The agricultural sector is set to benefit from the establishment of a body which aims to alleviate distress due to natural disasters and the resulting negative impact on production.
The newly founded Agri Relief Foundation (ARF), a non-profit organisation, targets individual agricultural producers who are in need – both financially and otherwise.
This initiative is the brainchild of four directors with interest in the sector.
The first of these are Dr Frikkie Maré, academic head of the department of Agricultural Economics at the University of the Free State (UFS). He is mainly involved in the red meat value chain and serves on numerous boards and committees focused on positively influencing the agricultural sector.
Then there is Ernest Janovsky, with more than 20 years’ experience as an agri-economist that specialised in South African Agri-economic trends. He was the head of Absa’s Agribusiness where he focused on agricultural strategy, product development, risk management and financial reporting.
Johan van den Berg, an agricultural meteorologist, has 36 years’ of experience. He works as a private consultant and specialises in expert information on weather and climate to improve decision-making in agriculture and climate risk management. Van den Berg is also studying the effects of climate change on agriculture.
The last of the four directors is Anton Niemann, who has vast experience in strategic implementation regarding Agri-businesses and co-operations and who has been recognised by Nampo for 50 years’ involvement with Shell and Northern Transvaal co-operations for excellent service to the agricultural market.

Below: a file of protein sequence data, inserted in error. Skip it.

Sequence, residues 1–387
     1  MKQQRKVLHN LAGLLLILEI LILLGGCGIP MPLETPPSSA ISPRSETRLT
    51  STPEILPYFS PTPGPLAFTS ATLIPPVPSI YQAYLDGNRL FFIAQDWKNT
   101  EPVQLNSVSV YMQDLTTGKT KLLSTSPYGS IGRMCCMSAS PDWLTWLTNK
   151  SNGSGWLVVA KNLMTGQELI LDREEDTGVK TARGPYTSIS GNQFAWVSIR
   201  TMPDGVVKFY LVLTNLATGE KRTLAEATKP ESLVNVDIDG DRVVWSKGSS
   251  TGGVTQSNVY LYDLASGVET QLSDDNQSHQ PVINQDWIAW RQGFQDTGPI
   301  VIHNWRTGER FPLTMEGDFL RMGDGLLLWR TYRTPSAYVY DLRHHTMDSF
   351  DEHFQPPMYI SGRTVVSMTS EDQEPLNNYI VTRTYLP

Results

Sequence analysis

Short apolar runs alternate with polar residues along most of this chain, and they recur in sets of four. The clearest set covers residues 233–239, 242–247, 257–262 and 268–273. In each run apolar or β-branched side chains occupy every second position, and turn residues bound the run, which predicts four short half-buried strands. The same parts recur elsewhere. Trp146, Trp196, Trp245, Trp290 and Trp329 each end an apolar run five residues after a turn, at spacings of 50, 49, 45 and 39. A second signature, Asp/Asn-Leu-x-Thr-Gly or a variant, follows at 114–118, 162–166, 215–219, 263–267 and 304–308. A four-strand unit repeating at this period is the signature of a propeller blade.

Maré said the ARF would help individual agricultural producers combat distress due to natural disasters.
“This may include the loss of grazing due to brown locust, assistance after a farm attack or murder to ensure the day-to-day running of the farm, or the effects of localised natural disasters such as floods, hail, severe cold or fire,” said Maré.
According to him, the group of directors play a key role in screening the applications for assistance and deciding – based on merit and the availability of resources – who they can assist.
Besides the direct benefit to the farmer, this initiative also adds value to the wider society.
“When the sustainability of an agricultural producer is under threat, it also threatens the livelihoods of his or her workers and their families, the rural economy of the nearest town where they purchase production inputs and general groceries, as well as society at large, as less food will be produced. The assistance of the ARF will therefore ripple out.”
He said although there were many institutions in South Africa assisting farmers, most of the current initiatives address large-scale disasters, such as severe droughts, floods, unpreventable pests and diseases, and veld fires that affect many producers.
Maré said businesses or individuals can contribute towards funding, transport, fuel, animal feed and legal services, adding that the ARF has already received contributions from companies such as one animal health company that sponsors a part of its profit from certain products to the foundation on a continuous basis.